There's a lot of buzz about two reports in Science (here and here) on monopoles in magnetic solids. (The best story I saw is by Adrian Cho in ScienceNOW, the online news section of Science.) Much of the excitement comes because some candidates for a grand unified theory predict such particles. But although the results are fun, to my mind the enthusiasm is misplaced.
Eugenie Samuel Reich (author of Plastic Fantastic) got a jump on the coverage in her May story in New Scientist, which also illustrates the problem. The magazine cover screams: "THE MYSTERIOUS MONOPOLE: Predicted by theory; Hunted for decades; FOUND AT LAST." Her closing quote is more accurate: "These might not be exactly the monopoles that Dirac dreamed of, but that doesn't mean they're not remarkable." In what sense, then, was the predicted and hunted particle "found"?
I need to be careful here: last October, I wrote in New Scientist about nonabelian anyons, predicted particles for which outwardly identical arrangements can be distinct quantum states. Researchers are hopeful that these states could stably save quantum information for use in quantum computing. An earlier draft of that story, which I rather liked, began: "When it comes to unveiling fundamental particles, the Large Hadron Collider gets all the press. But in a few, much smaller labs around the world, some physicists suspect they've already found particles as exotic as any the new accelerator is likely to create."
So why do I think finding nonabelian anyons in a solid is more profound and fundamental than finding monopoles in a solid? To answer that question, I need to distinguish three levels of description of a complex system: how the particles interact, how they arrange themselves, and how they deviate from that arrangement. The descriptions are interconnected, but sometimes, one level is more interesting than another.
To be concrete, let's think about a regular lattice of atoms on a square lattice, each of which has a magnetic moment, which acts like a tiny bar magnet that can point in different directions. As it happens, this is somewhat similar to the spin system where the monopoles were seen.
To mathematically describe the interactions, physicists use an expression--unhelpfully called the Hamiltonian--for the total energy of any particular arrangement. The spins, for example, might favor arrangements with neighbors pointing in opposite directions. If they point in the same direction, it takes extra energy. The Hamiltonian just adds up the energy of every pair of neighbors. Fundamental theories, like proposed grand unified theories, aim at this basic level of the Hamiltonian, which for the universe as a whole is unknown. Experiments only probe how particles arrange themselves in response.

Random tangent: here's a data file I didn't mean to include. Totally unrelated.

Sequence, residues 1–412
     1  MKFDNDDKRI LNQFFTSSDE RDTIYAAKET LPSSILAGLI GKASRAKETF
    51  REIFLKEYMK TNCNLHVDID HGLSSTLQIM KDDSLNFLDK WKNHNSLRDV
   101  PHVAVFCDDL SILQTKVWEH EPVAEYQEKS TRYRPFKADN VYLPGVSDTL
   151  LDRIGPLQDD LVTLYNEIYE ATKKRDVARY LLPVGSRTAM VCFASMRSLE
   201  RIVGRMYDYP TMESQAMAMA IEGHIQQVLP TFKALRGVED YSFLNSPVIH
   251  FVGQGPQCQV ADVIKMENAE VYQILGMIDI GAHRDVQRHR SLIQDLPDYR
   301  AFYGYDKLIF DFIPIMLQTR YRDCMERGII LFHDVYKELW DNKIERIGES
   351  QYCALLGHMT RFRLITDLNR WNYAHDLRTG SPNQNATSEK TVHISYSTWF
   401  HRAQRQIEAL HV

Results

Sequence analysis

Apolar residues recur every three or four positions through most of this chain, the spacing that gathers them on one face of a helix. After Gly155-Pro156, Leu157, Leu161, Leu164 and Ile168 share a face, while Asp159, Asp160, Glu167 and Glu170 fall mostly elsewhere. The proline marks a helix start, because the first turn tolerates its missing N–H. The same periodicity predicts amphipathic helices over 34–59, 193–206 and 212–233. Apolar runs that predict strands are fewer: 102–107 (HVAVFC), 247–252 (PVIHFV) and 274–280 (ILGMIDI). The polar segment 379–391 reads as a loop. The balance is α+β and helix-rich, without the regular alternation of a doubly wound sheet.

The arrangement that gives the lowest total energy for a particular Hamiltonian is the ground state. Sometimes it's obvious what this will be. On a square lattice, for example, spins forming a checkerboard pattern will always have neighbors pointing in opposite directions. On a triangular lattice, though, some neighbors must point the same way. In other cases, physicists don't know what the ground state is, even when they know the Hamiltonian. This is the situation for the two-dimensional electron systems, where nonabelian anyons may exist: the possible arrangements are very complicated and physicists aren't sure what the lowest-energy state is. (It might also depend on neglected details in the Hamiltonian.)
At temperatures above absolute zero, a system doesn't have to be in its ground state. Instead, it will include excitations away from the ground state (which necessarily require energy). For our spin system, for example, one of the spins on the checkerboard could be flipped so that it points the same direction as its neighbors. Although some specialized experiments can measure the ground state directly, many observable properties depend on these excitations. The excitations that can occur depend very much on the underlying ground state, although it's not always easy to tell what the most important excitations are going to be.
So where do monopoles fit in? In the recent experiments, spins in a crystal arrange so that their excitations act like these isolated magnetic poles. This is certainly unusual and interesting. But there is no reason to think that the Hamiltonian that describes the spin has any relationship to the one that describes the fundamental particles of the universe, any more than two equations, both solved by x=2, are necessarily related to each other. People have looked for monopoles in exotic places like cosmic rays because seeing them would give a profound clue about the Hamiltonian describing elementary particles. The monopoles seen here give no such clue.
Nonabelian anyons, by contrast, are inherently interesting particles. They may or may not be the excitations for certain two-dimensional electron systems studied in labs. We do know they can only exist in an effectively two-dimensional world, so they're not likely to turn up in the three-dimensional world of the Large Hadron Collider. But their quantum memory, which may even be useful, is a surprising property not shared by any known particle. In this case, the excitations (which reflect an unusual ground state) are the interesting thing, not the Hamiltonian.
To be fair, the new monopoles also have unique properties, not shared by any known particle. At that level, they are quite interesting in their own right. They just don't tell us much about grand unified field theories.